Since then, the process of how the panels are created has been completely re-imagined, and Gretzinger’s daily work on the project is now influenced by an elaborate system he established to ensure that an inventive nature is maintained as the map’s perimeter continues to expand. Each day he pulls from a deck of modified playing cards to determine that day’s focus. The instruction on the card might prescribe Gretzinger to draw new territory, rework an existing section or establish something he calls ‘the void’ — an action he takes to completely erase an area of the map. MASS MoCA calls his work “hand-wrought Minecraft on a truly massive scale.”
Gretzinger’s genius lies not only as a world-maker (with tireless determination to push himself and his vision past the edges of each tile he creates) but also in the rigorous way he keeps the pages archived and cataloged, adding new material all the while. “As the number of tiles continued to increase, it became near chaos trying to find one or another when I wanted it,” he said. “So in 2003 I decided to reformat everything.” Now, Gretzinger has each panel scanned, coded and ordered in piles (and piles) of neat files in his workspace, and he can easily navigate around inside of them.
The scope of such a project is surely intimidating, if not impossible, to sustain, and to see this project in its immensity begs the question: how does one continue be enthusiastic about returning to the same tiles, on the same table, in the same room, morning after morning, year after year, and still feel invigorated to begin anew? Isn’t there an inevitable coda to every enterprise, even when one’s muse is an invented world? Gretzinger’s answer to the question of an end-point to his map is a vehement “no.”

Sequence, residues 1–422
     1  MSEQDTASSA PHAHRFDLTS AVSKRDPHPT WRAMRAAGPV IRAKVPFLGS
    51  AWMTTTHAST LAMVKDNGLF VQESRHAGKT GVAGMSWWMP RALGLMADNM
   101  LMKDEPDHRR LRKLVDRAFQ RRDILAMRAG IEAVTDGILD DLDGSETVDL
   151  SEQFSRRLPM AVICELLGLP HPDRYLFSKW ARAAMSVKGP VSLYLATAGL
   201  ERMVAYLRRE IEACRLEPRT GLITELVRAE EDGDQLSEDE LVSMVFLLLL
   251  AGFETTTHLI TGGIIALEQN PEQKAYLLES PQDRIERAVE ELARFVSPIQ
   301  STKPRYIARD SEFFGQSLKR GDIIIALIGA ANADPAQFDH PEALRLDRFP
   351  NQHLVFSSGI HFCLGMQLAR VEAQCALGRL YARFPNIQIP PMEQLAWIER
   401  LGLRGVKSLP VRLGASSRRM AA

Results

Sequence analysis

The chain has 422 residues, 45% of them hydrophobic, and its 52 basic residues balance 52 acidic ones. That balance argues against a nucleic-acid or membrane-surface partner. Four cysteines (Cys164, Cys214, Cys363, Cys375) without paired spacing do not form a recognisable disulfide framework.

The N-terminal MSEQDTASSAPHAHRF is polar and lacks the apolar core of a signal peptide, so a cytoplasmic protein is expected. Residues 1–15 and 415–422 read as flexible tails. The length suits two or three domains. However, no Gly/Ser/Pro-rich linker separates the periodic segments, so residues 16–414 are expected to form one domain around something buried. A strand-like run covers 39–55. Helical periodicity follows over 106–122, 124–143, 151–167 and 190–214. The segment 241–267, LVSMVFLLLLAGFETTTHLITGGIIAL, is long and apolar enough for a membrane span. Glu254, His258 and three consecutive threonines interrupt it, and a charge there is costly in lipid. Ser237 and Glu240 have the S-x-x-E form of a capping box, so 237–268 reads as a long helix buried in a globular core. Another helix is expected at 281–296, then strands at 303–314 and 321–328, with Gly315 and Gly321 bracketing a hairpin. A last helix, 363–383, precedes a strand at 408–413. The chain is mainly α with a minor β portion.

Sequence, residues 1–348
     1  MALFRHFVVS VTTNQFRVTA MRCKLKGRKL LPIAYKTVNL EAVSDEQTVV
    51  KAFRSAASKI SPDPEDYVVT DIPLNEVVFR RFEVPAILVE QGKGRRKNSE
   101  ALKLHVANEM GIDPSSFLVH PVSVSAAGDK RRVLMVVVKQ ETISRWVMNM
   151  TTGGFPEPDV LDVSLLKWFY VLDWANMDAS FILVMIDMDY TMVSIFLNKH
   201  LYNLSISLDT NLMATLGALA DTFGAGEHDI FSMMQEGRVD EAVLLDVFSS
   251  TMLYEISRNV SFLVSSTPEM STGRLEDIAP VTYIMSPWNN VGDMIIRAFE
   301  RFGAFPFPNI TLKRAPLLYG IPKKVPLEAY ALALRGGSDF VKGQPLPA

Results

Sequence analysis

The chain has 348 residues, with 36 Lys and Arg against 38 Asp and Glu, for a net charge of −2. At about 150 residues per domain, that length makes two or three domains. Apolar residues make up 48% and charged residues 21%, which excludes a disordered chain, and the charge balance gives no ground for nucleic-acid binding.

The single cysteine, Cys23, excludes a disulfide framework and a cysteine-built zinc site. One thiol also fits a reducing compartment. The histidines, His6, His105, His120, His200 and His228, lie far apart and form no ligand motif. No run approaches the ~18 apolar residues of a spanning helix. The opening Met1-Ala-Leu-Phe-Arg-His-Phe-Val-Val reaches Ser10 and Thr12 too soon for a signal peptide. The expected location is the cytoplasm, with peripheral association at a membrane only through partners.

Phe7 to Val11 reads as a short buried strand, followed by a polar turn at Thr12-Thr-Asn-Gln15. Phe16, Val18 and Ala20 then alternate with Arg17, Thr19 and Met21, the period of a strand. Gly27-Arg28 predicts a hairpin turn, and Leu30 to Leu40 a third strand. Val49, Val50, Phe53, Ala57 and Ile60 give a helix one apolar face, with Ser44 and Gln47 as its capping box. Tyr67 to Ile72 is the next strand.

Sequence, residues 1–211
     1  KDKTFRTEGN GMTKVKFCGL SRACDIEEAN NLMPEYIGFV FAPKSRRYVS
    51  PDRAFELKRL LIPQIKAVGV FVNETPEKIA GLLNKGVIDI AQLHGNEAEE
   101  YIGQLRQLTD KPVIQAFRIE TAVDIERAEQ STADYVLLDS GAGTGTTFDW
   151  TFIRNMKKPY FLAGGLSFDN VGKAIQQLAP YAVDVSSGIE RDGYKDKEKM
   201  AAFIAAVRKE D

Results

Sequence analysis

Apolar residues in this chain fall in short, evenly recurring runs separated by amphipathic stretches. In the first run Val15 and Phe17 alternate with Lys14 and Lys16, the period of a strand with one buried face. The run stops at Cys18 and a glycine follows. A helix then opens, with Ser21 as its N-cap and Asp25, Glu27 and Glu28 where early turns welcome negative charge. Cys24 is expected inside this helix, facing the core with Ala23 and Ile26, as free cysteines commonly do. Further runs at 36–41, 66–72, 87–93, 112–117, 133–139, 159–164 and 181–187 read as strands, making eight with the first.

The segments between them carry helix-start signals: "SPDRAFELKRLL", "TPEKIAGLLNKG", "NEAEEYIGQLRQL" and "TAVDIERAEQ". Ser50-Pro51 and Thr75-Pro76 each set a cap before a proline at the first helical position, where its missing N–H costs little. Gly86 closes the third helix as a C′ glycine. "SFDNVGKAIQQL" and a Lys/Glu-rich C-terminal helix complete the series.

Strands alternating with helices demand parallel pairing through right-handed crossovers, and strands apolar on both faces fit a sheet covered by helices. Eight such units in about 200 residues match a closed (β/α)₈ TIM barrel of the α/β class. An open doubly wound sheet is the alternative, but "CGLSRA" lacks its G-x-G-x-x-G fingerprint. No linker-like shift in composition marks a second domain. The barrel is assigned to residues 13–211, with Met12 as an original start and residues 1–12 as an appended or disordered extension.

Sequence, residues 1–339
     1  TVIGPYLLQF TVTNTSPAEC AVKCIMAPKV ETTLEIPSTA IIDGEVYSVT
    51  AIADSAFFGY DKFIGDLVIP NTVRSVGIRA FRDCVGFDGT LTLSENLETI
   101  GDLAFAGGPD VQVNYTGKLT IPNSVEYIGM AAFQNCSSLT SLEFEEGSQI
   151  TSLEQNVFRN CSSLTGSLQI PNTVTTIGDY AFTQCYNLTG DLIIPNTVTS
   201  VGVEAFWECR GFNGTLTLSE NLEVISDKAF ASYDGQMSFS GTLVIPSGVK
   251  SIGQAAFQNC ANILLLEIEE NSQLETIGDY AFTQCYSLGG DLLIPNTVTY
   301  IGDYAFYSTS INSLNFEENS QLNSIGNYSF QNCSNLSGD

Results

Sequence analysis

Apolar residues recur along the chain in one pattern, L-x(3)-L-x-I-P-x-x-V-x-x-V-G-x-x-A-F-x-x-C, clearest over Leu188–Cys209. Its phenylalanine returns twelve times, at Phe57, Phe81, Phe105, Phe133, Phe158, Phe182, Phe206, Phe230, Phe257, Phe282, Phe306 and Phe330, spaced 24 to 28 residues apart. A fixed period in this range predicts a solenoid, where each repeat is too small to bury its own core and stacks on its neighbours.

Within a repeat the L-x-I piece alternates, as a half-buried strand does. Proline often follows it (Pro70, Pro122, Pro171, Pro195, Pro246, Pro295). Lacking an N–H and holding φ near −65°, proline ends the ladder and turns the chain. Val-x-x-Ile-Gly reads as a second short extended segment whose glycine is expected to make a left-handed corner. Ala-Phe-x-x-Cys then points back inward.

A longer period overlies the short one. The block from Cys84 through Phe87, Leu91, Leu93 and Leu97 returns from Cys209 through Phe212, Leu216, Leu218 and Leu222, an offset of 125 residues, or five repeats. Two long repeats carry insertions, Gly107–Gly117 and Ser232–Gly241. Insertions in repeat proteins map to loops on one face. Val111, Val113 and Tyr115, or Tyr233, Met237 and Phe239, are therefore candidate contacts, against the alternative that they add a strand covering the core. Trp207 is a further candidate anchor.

He does not see a conclusion to the project and imagines continuing to work on it at his new home in northern Michigan (a farm near Grand Rapids to which Gretzinger and his wife will move in mid-November). “There was even a discussion on Reddit about how someone who liked the project was wondering and hoping that I had an apprentice,” he chuckled, “you know, so that the map can go on forever.”
The evolution of both Gretzinger’s life and his map — a story that began in a loft in SoHo and moved to an attic in Cold Spring, that shifted from limited showings in tiny exhibition rooms to a very public presentation in a major art gallery — seems an inescapably melded venture. Just as the people and places one encounters over moments and years amalgamate to make a life, the edges of each panel of Jerry’s Map extend through the blank space between them and create the form that is its very wonder. “I’ve had just these — to me — astounding coincidences in my life, and you know,” he laughs again, “by looking at the video, that I am agnostic … but I say, ‘I don’t know what’s going on, but there’s … something.’
“I think of it as these filaments,” he continues, “these fine, little invisible threads that connect us … and then all of a sudden — BLAT! There we are.” Yes. There we are, in some way embodied in the edges of each meticulously maintained tile that, once laid out side by side, form a cohesive whole.
The exhibition at MASS MoCA will include Jerry’s Map in its entirety. At one side of the room, Gretzinger will also set up and work in his studio so that visitors will have a chance to see his process in action, and a film crew will also be lurking about to capture footage for Whitmore’s latest documentary film.The Current is a nonprofit supported by its readers and provided free to the community. Please consider a tax-deductible contribution of $5 per month.